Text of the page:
The following column is the opinion and analysis of the writer.
On Nov. 4, 2019, U.S. Secretary of State Mike Pompeo notified the United Nations that the United States was pulling out of the Paris Agreement on climate change. The process for withdrawal takes exactly one year, so one day after the 2020 election, the United States will become the only country on the planet not part of the global effort to slow, halt or reverse climate change.
One of the great things about living in our republic is that despite the federal government’s capitulation to the fossil-fuel industry, local and state governments don’t have to follow suit. Regardless of the Trump administration’s dangerous shortsightedness, the people of the United States can still show global leadership on reducing our carbon footprint, leading sustainable lives and doing all we can to reduce our adverse impacts on the local and global environment.
Pima County has been in the vanguard of local jurisdictions taking direct action to limit the effect of government operations on the environment. I have spent my 23 years on the Board of Supervisors fighting to protect our fragile desert ecosystem and for Pima County to operate in an environmentally sensitive and sustainable way.
Pima County in 2007 was one of the first local governments in the country to adopt a five-year strategic sustainability plan. We have updated the plan twice and this year, Arizona Forward, a statewide nonprofit that advocates for a balance between economic growth and environmental quality, awarded Pima County its Crescordia Environmental Excellence Award for Best Sustainability Plan or Policy.
Our Sustainable Action Plan for County Operations, or SAPCO, sets specific sustainability goals in carbon emissions, materials, water and energy efficiencies, landscape protections and workforce resiliency, and the strategies for the county to meet those goals. It is a “systematic approach to integrating the goals of sustainability into virtually all facets of the way Pima County government operates — from the cars we drive, to the energy and water we consume, to the construction of our buildings, to the products we purchase, to the way in which we view and handle our “used” materials.”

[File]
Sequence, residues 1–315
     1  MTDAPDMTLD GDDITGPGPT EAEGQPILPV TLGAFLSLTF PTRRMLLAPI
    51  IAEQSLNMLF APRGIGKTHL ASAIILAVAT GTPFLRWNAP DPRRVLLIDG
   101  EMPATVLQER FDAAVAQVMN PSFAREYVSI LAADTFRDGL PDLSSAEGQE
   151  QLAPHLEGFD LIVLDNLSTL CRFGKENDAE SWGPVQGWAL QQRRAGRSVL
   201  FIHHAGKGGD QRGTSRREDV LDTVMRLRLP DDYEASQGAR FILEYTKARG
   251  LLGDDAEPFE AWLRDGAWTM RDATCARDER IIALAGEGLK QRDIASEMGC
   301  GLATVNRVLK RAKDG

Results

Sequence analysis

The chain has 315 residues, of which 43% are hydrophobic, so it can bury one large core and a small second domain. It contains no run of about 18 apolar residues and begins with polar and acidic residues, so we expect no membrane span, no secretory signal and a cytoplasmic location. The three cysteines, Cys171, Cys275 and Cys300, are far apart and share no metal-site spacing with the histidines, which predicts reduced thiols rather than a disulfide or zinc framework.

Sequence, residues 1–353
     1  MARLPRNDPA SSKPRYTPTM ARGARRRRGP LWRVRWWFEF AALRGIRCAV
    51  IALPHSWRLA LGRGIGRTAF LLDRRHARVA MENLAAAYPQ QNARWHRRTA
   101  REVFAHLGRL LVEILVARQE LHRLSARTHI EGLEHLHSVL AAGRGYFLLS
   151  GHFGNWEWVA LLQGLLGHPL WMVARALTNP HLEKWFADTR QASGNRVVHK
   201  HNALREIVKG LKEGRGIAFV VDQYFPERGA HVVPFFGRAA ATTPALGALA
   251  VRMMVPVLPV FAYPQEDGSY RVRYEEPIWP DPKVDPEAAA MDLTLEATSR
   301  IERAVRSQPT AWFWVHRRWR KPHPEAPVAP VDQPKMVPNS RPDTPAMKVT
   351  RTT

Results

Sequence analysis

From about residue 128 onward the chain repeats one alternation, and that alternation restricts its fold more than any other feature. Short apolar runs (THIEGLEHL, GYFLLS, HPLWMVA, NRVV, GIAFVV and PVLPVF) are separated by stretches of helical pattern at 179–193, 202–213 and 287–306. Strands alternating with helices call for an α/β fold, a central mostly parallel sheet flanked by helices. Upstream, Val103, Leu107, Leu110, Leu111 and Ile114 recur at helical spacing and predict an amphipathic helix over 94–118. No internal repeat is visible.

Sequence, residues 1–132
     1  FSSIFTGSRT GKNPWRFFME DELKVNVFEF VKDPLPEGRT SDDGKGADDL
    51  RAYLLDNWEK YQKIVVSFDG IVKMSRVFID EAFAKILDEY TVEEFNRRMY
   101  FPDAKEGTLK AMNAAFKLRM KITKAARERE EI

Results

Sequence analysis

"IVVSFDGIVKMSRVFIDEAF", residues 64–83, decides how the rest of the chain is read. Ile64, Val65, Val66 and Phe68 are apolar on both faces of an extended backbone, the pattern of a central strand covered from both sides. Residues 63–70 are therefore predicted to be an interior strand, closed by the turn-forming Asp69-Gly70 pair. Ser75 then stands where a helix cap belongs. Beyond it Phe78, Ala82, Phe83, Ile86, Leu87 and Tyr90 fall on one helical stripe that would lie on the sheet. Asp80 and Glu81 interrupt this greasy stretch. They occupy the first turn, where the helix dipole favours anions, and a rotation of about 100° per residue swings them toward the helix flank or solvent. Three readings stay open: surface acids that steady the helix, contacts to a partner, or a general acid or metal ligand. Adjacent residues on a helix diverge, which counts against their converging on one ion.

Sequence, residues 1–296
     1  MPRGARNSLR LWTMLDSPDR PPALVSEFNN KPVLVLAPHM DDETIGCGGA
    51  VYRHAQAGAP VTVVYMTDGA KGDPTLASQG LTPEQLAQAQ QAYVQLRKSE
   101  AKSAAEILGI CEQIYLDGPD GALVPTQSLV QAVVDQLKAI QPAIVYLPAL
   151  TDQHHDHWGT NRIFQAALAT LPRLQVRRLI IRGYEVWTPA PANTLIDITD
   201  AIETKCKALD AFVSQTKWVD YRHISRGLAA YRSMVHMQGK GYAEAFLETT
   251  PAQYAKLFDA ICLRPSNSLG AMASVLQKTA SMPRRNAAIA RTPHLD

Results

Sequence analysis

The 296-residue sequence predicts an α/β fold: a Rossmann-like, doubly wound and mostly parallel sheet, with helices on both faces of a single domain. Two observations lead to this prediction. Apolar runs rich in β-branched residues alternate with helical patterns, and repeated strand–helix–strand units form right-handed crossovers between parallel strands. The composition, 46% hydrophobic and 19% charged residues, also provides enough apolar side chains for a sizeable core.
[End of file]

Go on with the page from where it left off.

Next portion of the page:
Over the course of the FY2014-2018 plan, Pima County has:
• Avoided more than 64,000 metric tons of carbon emissions and improved our energy efficiency by 20%.
• Installed more than 6 megawatts of solar energy for use in county facilities, which expanded our total solar capacity to more than 13MW.
• Began integrating electric vehicles into the fleet. The county has added more than 40 EVs thus far.
• Installed efficient water fixtures and improved water consumption intensity of county buildings by almost 15%.
The latest update to the plan is aligned with the goals of the Paris Agreement and lays out a seven-year plan to meet the agreement’s greenhouse gas reduction goals by 2025. The county intends to reduce its greenhouse gas emissions by 26 to 28% below our 2005 levels.
It won’t be easy, but it has to be done. The introduction to the latest SAPCO update lays out in stark terms what’s at stake:
“The Southwest is already the hottest and driest region in the United States and, according to climate models, these trends will intensify in the coming decades. Harsh conditions coupled with other stresses — water shortages and a growing population expected to increase 70% by 2050 — have created a region acutely vulnerable to climate change impacts. … As a result, Pima County’s economic robustness, environmental quality and public health are at risk.”
There is no such thing as “believing” in climate change. It’s not Santa Claus. It exists. It’s happening. And it is this nation’s greatest threat to our economy and our posterity. We must do all we can to stop it. And I am immensely proud to say that, unlike my country, my county is leading the way.
Sharon Bronson is Pima County’s District 3 supervisor. Contact Bronson at District.firstname.lastname@example.org.